By Kenzie Love From humble beginnings as a pilot project focused on expecting parents in Edmonton’s Chinese immigrant community, Multicultural Health Brokers Cooperative (MCHB) has grown to a worker co-operative of 100 workers serving members of all ages from 30 different ethnolinguistic communities. Yvonne Chiu, the co-op’s executive director, has been with MCHB for this entire journey, and while she acknowledges the work has been challenging, she remains convinced of its importance. “I am very proud and excited about what we’ve accomplished,” she says.  Chiu’s relationship with MCHB began as a member of Edmonton’s public health department, conducting participatory action research that led to the training of a group of women from six immigrant communities working as childbirth educators. Aware of a gap in this area with Chinese and other immigrant communities, the women had decided to try and close it by serving as brokers between the families and the…

Read more

Posted on

Employee Succession: The Co-op Solution

By Kenzie Love “Where there’s a problem,” says Wendy Keats of the Co-op Enterprise Council of New Brunswick (CECNB), “there’s usually a co-op solution.” When it comes to the future of many small and medium-sized businesses in Canada, it’s hard to dispute that there’s a problem. By the end of 2023, 50 percent (550,000) of current small business owners will want to exit their businesses. A separate study, meanwhile, found that 75 percent of small business owners don’t have a succession plan.  And as the Globe and Mail reported,  “if many of those businesses simply close up shop, it could damage the economy through significant loss of employment.” So what’s the solution? Although it remains a relatively uncommon option, converting a family-owned small business into a worker co-op may have potential to address the succession crisis. Hazel Corcoran, Executive Director of the Canadian Worker Co-op Federation, points to a study…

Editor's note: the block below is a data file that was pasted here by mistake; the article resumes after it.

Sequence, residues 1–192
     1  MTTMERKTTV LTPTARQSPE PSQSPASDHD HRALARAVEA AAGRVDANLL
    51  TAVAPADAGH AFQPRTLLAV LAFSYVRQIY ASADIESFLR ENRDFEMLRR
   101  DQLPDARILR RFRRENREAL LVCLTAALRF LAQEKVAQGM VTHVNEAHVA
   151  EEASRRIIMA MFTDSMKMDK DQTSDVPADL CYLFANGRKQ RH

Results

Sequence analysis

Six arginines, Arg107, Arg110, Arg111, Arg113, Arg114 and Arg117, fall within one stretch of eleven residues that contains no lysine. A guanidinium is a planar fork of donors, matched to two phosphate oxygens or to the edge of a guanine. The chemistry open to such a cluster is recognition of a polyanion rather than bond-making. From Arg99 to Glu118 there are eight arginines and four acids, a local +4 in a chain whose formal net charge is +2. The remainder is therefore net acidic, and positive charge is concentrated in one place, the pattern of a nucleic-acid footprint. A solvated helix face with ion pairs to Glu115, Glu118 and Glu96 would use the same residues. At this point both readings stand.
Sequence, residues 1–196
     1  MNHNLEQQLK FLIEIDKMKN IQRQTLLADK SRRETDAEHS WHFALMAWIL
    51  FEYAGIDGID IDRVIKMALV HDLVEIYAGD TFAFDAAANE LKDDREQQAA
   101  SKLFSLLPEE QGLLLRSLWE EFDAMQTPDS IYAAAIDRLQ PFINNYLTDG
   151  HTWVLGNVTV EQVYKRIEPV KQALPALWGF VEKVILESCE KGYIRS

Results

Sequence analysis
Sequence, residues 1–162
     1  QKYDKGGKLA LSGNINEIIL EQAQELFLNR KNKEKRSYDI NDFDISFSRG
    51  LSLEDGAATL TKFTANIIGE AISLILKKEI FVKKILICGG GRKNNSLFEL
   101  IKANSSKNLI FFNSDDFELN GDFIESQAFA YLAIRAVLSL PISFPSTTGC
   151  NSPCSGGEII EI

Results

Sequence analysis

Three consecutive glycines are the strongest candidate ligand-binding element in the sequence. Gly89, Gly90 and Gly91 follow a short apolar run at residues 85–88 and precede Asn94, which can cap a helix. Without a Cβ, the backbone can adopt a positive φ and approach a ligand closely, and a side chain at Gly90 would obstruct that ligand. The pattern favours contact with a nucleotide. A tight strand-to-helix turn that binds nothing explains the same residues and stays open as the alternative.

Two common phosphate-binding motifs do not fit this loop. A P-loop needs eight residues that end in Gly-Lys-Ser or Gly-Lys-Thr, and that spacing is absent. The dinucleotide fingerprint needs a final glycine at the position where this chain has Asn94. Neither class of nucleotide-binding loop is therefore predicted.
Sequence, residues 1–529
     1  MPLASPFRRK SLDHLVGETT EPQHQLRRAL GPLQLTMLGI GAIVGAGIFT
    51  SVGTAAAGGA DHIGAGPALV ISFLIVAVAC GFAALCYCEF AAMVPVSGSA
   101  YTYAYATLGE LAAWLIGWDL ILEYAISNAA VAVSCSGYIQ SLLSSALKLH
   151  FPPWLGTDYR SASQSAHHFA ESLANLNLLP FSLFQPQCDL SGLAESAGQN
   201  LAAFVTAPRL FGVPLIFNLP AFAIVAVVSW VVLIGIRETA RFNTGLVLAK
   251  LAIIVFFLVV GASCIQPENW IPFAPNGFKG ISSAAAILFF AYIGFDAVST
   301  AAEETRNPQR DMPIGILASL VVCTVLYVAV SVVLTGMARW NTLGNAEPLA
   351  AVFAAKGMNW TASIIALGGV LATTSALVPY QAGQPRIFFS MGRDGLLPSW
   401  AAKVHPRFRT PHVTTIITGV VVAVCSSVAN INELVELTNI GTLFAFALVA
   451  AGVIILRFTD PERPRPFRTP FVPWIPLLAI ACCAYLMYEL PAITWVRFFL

Read more

Posted on

Webinar: Chucking the Co-operative Principles at the Peril of Worker Co-operatives

New Date: September 30, 2020, from 12 – 1p.m. ET Register on Eventbrite (free for members, $20 for non-members) Using illustrations from existing worker co-ops of various sizes and in various parts of Canada, Spain, and other countries, this webinar will look at why and how they relied on the Seven Co-operative Principles to get through difficult business and organizational challenges. This is not easy for worker co-operatives when they surrounded by a dominant culture, at least uninformed about co-operatives, and sometimes suspicious or even hostile towards them. Presented by Eric Tusz-King, this webinar will lay the groundwork for a future upcoming CWCF webinar which will focus specially on employing democracy in a worker co-operative. Presenter bio Eric Tusz-King is a member of Aster Environmental Services Co-operative in Sackville, New Brunswick. Previously Eric was a founding member and manager of EnerGreen Builders Co-operative that was created in 2006 to help…

Read more

Posted on

Report from the Executive Director, February 2020

By Hazel Corcoran CWCF Conference/new logo and website/North American Worker Co-op Summit II/GM Oshawa plant conversion/Investment Readiness Program proposal/ICA World Co-op Congress bid/Edmonton meet-and-greet. Plans for the CWCF 2020 Conference in Vancouver  (Nov 12-14, at the YWCA Hotel and another venue for the keynote) are proceeding apace.  We are thrilled to have confirmed the keynote: Nathan Schneider, a writer, professor and well-known public advocate for the co-op movement, especially platform co-operatives.  He is a professor at the University of Colorado, Boulder. He is a millennial who has already written several books and spoken at many national and international conferences; we cannot wait to hear from Nathan! Progress also continues on CWCF’s dynamic new logo and new website. They’re a bit behind schedule, in part because the website developer has welcomed a new baby into their family at the start of the year.  Dru has been on parental leave (Congratulations, Dru Oja Jay,…

Read more